“Sometimes I’ll work for 14 hours at the factory, and when I come home, what am I gonna do?” he says. “I’m not gonna go watch Friends or Will and Grace. I get right on the computer. I’m doing research. I’m taking orders. I’m constantly looking for new ideas and ways to improve our business.”
His savings became the nest egg that allowed Squidfire to pursue growth seriously. And the company has paid its dues. After acquiring an East Baltimore warehouse and the equipment to make the T-shirts, the duo still had to travel from boutique to boutique and cold-sell its product after launching its first line in May 2005.
“In the beginning we didn’t know how the shirts were gonna go and were just showing the shirts to the people,” Regnard says. “Before the [web] site was up, we were just going to the stores. And most of the stores were, like, ‘OK, we’ll write up an invoice, when can you get us a shirt by?’ And we’d be like, ‘They’re right in our trunk.’ And we still do it [that way].”
The shirts themselves are an achievement in stylistic minimalism. Whereas many companies rush to brand their designs immediately—see DKNY, fcuk, or, dear God, any hip-hop wear—Squidfire’s approach is a classy yet funky less-is-more. The sparse designs of critters—antelope heads, pandas, unicorns, and, of course, squids—and abstract designs in vibrant hues are set against bold, solid colors. They’re cool for, if nothing else, their ability to prompt people to ask, Hey, what kind of shirt is that?
Now Squidfire shirts can be seen anywhere from Richmond, Va., to Brooklyn, N.Y., on the backs of hipsters near you and in Paris. “I contacted them over the internet,” Regnard says of his French connection. “I don’t know how I found this one store, but it’s apparently a big store in Paris called Collette—we got really lucky.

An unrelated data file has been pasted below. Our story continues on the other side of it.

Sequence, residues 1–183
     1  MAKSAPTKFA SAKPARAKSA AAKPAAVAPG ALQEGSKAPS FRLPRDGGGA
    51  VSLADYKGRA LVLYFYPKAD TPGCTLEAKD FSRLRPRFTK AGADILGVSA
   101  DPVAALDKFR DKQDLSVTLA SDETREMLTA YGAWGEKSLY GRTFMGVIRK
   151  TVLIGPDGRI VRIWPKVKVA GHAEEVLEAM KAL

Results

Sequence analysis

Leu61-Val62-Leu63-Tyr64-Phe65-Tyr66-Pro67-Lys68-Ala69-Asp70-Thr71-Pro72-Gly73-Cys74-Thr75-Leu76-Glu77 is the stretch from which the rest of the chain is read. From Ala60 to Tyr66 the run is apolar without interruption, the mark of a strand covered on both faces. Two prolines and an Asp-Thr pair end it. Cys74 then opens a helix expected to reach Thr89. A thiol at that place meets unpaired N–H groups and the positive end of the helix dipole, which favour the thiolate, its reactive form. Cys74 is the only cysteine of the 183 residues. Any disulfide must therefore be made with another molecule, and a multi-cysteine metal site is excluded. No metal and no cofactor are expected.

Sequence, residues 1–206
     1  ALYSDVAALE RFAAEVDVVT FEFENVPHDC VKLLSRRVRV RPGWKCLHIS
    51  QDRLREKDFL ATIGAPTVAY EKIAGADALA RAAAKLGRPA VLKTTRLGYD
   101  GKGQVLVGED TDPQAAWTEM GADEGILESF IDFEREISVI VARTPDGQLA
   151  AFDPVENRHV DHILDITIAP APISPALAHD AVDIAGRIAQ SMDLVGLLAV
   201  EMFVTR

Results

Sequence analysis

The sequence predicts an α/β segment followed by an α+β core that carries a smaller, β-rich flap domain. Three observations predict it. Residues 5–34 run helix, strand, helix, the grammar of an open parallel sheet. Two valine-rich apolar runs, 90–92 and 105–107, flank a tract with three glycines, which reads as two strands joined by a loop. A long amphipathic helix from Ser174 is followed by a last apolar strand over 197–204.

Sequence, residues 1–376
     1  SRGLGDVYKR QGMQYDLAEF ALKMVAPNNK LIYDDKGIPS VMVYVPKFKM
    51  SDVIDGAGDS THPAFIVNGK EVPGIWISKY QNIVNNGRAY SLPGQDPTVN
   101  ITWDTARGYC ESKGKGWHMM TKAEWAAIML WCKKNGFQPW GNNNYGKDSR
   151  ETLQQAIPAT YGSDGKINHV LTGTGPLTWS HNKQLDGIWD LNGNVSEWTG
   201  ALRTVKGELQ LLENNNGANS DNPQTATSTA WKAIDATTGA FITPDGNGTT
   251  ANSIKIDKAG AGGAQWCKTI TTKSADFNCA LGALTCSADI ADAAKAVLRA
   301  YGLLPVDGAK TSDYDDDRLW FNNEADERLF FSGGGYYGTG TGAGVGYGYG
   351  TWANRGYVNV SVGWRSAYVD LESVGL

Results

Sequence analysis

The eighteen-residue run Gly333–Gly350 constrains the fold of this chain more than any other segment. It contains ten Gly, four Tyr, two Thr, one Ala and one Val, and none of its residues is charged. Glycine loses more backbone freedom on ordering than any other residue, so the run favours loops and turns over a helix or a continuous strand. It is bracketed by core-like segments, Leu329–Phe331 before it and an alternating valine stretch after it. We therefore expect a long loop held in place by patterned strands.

Of course, with their emerging success comes more work. And with the summer months coming up, Regnard and Sherry will once again be slinging tees out the back of Regnard’s beat-up 1989 Cadillac Deville. They’ll have to work day and night just to keep up with their internet orders, as they had to this past holiday season. And then they’ll have to start giving serious thought to what comes next. They both admit it’s stressful, but its stress that comes with a thrill.
“It’s not like we’re shoveling coal,” Sherry says. “This is something we love to do. I love screen printing. I love the act of screen printing. I’m an artist and I love to do this art. And having a business is exciting, especially when it’s rolling in the right direction, and you know that the harder you work, the more that ball will roll.”